Imagine chaos. Dream disruption. Think of a hundred Kim Darrochs as the Boris Johnson moment approaches. Tear up the script. Shout “no deal”. Laugh with Johnson, cry with him. Welcome to anarchy hall.
Even as a stubborn Eurosceptic, I can see no conceivable benefit in Britain leaving Europe’s economic area on 31 October, least of all without any sort of customs deal. For a nation to initiate controls on border movement and trade with its adjacent continent is mindless self-harm, in this case driven by populist machismo. Yet that is what both Johnson and Jeremy Hunt have agreed to countenance after this week’s leadership debate.
I have attended Brexit seminars, briefings and rallies over the past two years, and am baffled by the absence of any remotely positive case for it – other than on the softest of single market models. Even hardened Brexit economists such as Patrick Minford and Gerard Lyons acknowledge some “short-term” disruption. This is quite apart from the millions, approaching billions, now being diverted from other uses to prepare companies and individuals for a no-deal Brexit, a blatant reneging on Theresa May’s frictionless border pledge.
Preparations for no deal outlined by the BBC and the Institute for Government have examined scenarios varying from extreme disruption to genuine chaos: chaos at the ports, chaos in food and medicine distribution, chaos in care staff recruitment and chaos as financial markets shift to the EU. No one seems to have a clue how the Northern Ireland border will operate. Johnson fluffs all questions on the subject, seeking comfort in the bonkers faction of James Dyson and Wetherspoon’s Tim Martin.
Yet ask Johnson’s small band of more sophisticated no-dealers, and a different justification begins to emerge. It lies in the theories of creative disruption espoused by the postwar economist Joseph Schumpeter and his followers. To them, occasional bouts of chaos are necessary. As during wars, recessions and Thatcherism, Britain needs a therapeutic shock to jolt it into a new karma, a new inner greatness.
To these no-dealers, sheep farmers and fishermen are the lackeys of Euro-protectionism. UK manufacturers have become slaves to Euro-conglomerates, forced to import bits of cars and planes because they can no longer fashion their own. They should get real. Likewise, it is humiliating that Britain should have Bulgarians picking its fruit, Poles building its houses, Portuguese staffing its clinics and care homes. Of course no deal will be painful in the short-term, but the short-term is for economic snowflakes.
This vision of no deal accepts that it will take years to fashion “trade deals with the rest of the world”, but self-sufficiency is not built on deals. A no-deal Brexit might be a self-imposed economic sanction, but sanctions can strengthen siege economies. They enforce downsizing, and slash regulation and bureaucracy. They encourage import substitution behind a plummeting exchange rate. Schumpeter posited just such a “gale of creative destruction … a process of industrial mutation that revolutionises the economic structure from within, incessantly destroying the old one, incessantly creating a new one.” That is no-deal Brexit to a T.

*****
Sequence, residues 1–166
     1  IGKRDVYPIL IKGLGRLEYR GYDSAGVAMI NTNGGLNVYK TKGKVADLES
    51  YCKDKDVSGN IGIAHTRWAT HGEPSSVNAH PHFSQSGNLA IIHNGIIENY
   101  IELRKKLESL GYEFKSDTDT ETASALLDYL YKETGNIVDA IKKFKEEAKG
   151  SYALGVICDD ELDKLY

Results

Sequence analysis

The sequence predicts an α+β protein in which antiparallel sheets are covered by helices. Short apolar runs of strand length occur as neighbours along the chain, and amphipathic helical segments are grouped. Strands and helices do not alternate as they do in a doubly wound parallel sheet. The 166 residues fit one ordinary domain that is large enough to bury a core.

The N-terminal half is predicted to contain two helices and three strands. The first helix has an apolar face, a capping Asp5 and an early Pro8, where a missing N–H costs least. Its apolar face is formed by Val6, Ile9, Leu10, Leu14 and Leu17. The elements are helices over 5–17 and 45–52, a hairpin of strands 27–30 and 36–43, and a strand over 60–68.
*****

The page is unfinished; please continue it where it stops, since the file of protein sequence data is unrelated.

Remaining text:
Schumpeter’s explicit inspiration was Marx, who wrote of “the violent destruction of capital not by relations external to it, but rather as a condition of its self-preservation”. Though no Marxist, he was much attracted to Marx’s thesis that capitalism required “explosions, cataclysms, crises, in which … suspension of labour and annihilation of a great portion of capital … violently lead it back to the point where it is enabled [to go on] fully employing its productive powers without committing suicide.” To Marx, capitalist disruption was a gateway to socialism, but Schumpeter saw it as cleansing, purifying through pain.
Johnson’s supporters may be right in seeing ossification in the oligopolistic economics of the EU. Capitalism needs constantly updating and refreshing – which is why many believe that Britain should stay and offer Europe its leadership in this endeavour. But creative destruction is a bizarre turn-up for British Conservatism, with its traditional caution and respect for established institutions and interest groups. It is a measure of this ideological revolution that it was Hunt, not Johnson, who said the sacrifice of export-reliant businesses was a price worth paying “with a heavy heart” for a no-deal Brexit. Hunt was a Tory traditionalist, panicking and capitulating to modern populist politics. Johnson’s heart was nowhere to be seen.
As Thatcher showed, even creative destruction demands crisis management. Johnson’s politics seem more in tune with the wilder shores of chaos theory. In one gaffe after another, he has been the butterfly whose wing-beat can effect an unpredictable storm. While the chaotic forces of no deal whirl ever faster, his bland shrug of the shoulder becomes the “strange attractor” around which they mysteriously cohere. As with Donald Trump, anarchy can mean bad things, good things, absolutely any things.
Thus Johnson might last just a few months before a scandal erupts or his party cries enough. A Commons revolt might see a Labour-Lib Dem coalition, even perhaps briefly under Jeremy Corbyn or a “caretaker”. A sudden referendum might reverse Brexit – humiliating the Brexiters. There might emerge an Irish customs union, or a Scottish secession. Pain and cost could be enormous, but there could be gains as well as losses. That is the essence of chaos. Nobody knows.